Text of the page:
China’s economy “absolutely will not” suffer a hard landing, the chief of its top planning body said on Sunday, as Beijing’s leaders try to reassure global investors about the world’s second-largest economy.
Xu Shaoshi, head of the National Development and Reform Commission, made the comments to reporters on the second day of the annual meeting of the National People’s Congress (NPC), the Communist-controlled legislature.
“China’s economy absolutely will not have a hard landing,” Xu said.
“So-called ‘hard-landing’ predictions will certainly fail,” he said. “So please calm down, everyone, this possibility doesn’t exist.”
Xu said he did not believe China’s economy was weighing down the global recovery, adding that “our contribution to the world economy is very clear”.
China’s economy, a key driver of global growth, faces a litany of challenges ranging from industrial overcapacity and excess housing stock to weak trade. Billionaire investor George Soros said earlier this year a hard landing was “practically unavoidable”.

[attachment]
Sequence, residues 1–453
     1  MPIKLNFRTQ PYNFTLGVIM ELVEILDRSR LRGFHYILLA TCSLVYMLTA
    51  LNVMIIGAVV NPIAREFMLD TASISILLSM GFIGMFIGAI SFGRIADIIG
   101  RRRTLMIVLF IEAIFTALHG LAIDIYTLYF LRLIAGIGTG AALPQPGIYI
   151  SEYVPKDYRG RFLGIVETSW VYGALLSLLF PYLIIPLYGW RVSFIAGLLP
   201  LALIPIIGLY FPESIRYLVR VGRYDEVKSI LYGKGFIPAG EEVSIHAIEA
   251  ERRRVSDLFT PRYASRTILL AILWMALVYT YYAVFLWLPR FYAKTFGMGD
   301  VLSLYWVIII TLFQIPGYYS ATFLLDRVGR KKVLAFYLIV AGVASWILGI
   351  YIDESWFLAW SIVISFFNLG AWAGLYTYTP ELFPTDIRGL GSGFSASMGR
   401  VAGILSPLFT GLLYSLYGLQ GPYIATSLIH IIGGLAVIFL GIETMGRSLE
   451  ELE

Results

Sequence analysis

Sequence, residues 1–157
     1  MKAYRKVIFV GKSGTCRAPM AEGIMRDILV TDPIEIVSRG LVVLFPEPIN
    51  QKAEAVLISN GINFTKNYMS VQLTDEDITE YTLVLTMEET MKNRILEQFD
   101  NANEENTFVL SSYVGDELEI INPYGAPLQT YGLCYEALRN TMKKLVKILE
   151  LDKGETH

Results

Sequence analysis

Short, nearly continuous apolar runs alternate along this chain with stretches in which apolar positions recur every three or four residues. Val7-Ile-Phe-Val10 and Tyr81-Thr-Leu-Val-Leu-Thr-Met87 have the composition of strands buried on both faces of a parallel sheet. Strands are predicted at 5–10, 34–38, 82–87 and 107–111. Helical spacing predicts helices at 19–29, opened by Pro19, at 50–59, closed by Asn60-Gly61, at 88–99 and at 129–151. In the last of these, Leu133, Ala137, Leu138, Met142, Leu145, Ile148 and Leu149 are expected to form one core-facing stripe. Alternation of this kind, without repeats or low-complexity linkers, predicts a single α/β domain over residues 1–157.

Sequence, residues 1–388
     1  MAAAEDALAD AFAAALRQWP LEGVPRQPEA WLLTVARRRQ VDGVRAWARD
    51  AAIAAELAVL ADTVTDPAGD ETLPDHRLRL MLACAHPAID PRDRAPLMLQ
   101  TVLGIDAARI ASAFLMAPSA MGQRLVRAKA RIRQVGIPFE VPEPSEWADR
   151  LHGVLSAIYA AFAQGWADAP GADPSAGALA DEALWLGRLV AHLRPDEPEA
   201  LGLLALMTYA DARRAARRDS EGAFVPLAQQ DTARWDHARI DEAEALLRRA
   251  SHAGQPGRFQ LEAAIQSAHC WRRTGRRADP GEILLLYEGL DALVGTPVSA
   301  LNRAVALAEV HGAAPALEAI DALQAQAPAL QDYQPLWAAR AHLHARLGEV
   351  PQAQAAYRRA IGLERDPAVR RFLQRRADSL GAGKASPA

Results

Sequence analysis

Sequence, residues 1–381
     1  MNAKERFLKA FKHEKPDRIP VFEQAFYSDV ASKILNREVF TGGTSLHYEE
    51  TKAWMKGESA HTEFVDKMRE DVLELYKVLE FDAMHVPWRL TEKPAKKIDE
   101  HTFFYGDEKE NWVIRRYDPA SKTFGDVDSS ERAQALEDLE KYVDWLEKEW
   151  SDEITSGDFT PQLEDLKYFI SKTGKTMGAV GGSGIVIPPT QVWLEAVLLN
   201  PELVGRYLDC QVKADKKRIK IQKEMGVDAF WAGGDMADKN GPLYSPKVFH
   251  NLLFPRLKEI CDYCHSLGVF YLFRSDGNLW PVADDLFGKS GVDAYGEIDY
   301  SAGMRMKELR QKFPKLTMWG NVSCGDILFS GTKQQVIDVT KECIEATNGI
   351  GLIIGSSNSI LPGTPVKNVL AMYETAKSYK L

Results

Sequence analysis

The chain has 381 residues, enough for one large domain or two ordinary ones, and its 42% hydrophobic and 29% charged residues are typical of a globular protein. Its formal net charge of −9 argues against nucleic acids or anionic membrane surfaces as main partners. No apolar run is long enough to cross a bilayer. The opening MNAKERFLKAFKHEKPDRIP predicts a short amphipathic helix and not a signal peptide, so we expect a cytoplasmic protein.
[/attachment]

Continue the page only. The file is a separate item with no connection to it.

On Saturday Premier Li Keqiang set the growth target for this year in a range of 6.5-7 percent, acknowledging in a speech opening the NPC that “China will face more and tougher problems and challenges in its development this year, so we must be fully prepared to fight a difficult battle.”
Li pledged that the government would increase deficit spending this year and make much-needed cuts to the steel and coal industries.
“Domestically, problems and risks that have been building up over the years are becoming more evident,” he said.